Prescribed methods for the identification of an accused in these laws are century old. These outdated identifying methods rely on human sense to identify an accused by their physical appearance and lineage, which results in mistaken identification.
With the scientific-technological revolution, crime data management systems have evolved with much accuracy. Most of the countries use digitalised biometric identification for identifying the criminal. The United States Federal Bureau of Investigation (FBI) has been using an integrated automated fingerprint identification system since 1999. Since then, biometric systems have fundamentally changed as to how authorities around the world approach successful identification of suspects and investigation of crimes and criminal activities.
Biometrics is the most suitable tool to identify and authenticate individuals. The term "biometrics" includes fingerprints, palm prints, irises, and facial recognition. A biometric system compares the physical aspect of a person presented for authentication against the data that had already been stored. For example, the finger is placed on a fingerprint reader for comparison against the stored samples. If the fingerprint matches the stored samples, the authentication is successful. The successful identification of criminals means protecting the innocent.
Digitalised biometric identification process is not new in Bangladesh. Different government and non-government bodies use it widely. The Election Commission of Bangladesh stores fingerprint, iris, and facial recognition data when it issues national identity cards for the citizens. The Commission uses fingerprints to identify authentic voters in the election process. The Ministry of Home Affairs also requires the same kind of data when it issues passports. Even telecommunication companies use digitalised biometric identification for their services.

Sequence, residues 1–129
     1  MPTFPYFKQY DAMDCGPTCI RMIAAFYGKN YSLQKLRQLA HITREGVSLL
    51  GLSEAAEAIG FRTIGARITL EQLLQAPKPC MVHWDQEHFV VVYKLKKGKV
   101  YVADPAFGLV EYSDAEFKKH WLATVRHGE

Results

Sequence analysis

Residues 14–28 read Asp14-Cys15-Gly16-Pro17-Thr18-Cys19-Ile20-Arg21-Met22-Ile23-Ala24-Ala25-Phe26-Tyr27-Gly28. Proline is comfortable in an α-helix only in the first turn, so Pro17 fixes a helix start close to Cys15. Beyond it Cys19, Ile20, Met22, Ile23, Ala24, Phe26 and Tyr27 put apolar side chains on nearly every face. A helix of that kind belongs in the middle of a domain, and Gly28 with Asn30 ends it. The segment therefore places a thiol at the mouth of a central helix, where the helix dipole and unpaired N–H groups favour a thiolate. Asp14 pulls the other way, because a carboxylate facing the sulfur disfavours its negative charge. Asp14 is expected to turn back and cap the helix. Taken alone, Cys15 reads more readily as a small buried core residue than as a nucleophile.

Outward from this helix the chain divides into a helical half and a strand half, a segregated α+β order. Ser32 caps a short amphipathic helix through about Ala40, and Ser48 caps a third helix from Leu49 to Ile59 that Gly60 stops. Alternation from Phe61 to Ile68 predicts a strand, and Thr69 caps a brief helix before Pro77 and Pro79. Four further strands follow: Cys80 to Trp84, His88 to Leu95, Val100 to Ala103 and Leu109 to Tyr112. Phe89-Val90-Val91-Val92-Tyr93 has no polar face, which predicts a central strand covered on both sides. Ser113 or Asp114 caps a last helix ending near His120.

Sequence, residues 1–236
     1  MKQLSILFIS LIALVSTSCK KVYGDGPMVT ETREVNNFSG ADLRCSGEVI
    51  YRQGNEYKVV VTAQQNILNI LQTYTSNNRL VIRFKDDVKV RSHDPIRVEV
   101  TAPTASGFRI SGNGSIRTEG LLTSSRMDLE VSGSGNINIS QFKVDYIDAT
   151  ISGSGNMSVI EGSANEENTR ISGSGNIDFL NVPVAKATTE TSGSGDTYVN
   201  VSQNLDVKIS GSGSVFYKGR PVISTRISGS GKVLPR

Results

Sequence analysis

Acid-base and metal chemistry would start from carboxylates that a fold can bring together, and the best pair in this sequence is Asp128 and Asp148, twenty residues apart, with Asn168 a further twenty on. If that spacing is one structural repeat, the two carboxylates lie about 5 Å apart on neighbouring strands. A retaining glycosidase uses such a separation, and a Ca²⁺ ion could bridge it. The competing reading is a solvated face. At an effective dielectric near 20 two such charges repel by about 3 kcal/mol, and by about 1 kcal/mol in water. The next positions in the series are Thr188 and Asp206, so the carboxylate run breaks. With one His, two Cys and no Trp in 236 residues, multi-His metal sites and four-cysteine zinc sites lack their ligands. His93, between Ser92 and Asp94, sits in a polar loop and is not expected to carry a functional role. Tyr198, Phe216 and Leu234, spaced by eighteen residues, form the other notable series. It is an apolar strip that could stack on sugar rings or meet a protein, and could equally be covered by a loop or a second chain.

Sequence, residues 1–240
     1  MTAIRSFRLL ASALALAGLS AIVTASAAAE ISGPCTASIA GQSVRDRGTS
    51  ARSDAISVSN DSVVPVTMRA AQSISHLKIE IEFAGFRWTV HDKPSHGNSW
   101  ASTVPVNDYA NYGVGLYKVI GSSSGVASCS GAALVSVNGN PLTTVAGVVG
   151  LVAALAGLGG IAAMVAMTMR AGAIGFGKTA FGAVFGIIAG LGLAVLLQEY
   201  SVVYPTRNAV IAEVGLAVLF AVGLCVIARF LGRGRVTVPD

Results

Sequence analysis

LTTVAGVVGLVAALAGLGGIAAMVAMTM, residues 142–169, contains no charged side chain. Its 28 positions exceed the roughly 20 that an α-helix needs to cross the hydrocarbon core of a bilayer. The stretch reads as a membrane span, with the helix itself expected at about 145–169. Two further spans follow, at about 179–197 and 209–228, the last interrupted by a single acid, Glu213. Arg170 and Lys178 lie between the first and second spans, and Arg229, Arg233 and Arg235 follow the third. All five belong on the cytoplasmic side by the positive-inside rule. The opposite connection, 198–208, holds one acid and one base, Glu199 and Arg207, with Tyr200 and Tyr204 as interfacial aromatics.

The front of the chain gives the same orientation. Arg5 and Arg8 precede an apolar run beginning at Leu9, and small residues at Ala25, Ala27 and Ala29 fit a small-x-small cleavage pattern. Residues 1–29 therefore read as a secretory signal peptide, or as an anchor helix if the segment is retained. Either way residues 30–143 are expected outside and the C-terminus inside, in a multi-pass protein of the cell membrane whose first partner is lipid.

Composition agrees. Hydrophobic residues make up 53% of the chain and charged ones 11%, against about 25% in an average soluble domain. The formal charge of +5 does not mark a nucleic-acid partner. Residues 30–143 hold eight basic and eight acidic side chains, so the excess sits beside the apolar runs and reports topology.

Our policing did not evolve keeping pace with the technological advancements. Still, the police have to bear the brunt of paperwork and rely on human senses mostly. Introducing digitalised biometric identification in police stations will substantially change the process of accused identification.
The police need to take necessary fingerprints, facial recognition data when they first arrest an accused and store it centrally. When a suspected accused is apprehended by the police, they can easily cross-check the data to ensure authenticity with a single click. The Department of Prisons should follow the same procedure to authenticate prisoners. The law enforcement agencies must collaborate with the existing national citizen registration database that delivers identity verification services to qualified public and private organisations.
There are 651 police stations and 68 prisons in Bangladesh. Implementation of a digitalised biometric identification system in these places will not be an economic burden. The price of the equipment for biometric data collection is inexpensive and readily available. The Supreme Court recently provided a direction to introduce digitalised biometric identification in police stations and prisons with an integrated data management system, which can eradicate wrongful imprisonment of innocent persons. With prompt administrative support, it is time to say goodbye to such kinds of miscarriages of justice.
THE WRITER IS AN ADVOCATE, SUPREME COURT OF BANGLADESH AND HEAD OF CHAMBERS, LAW LAB.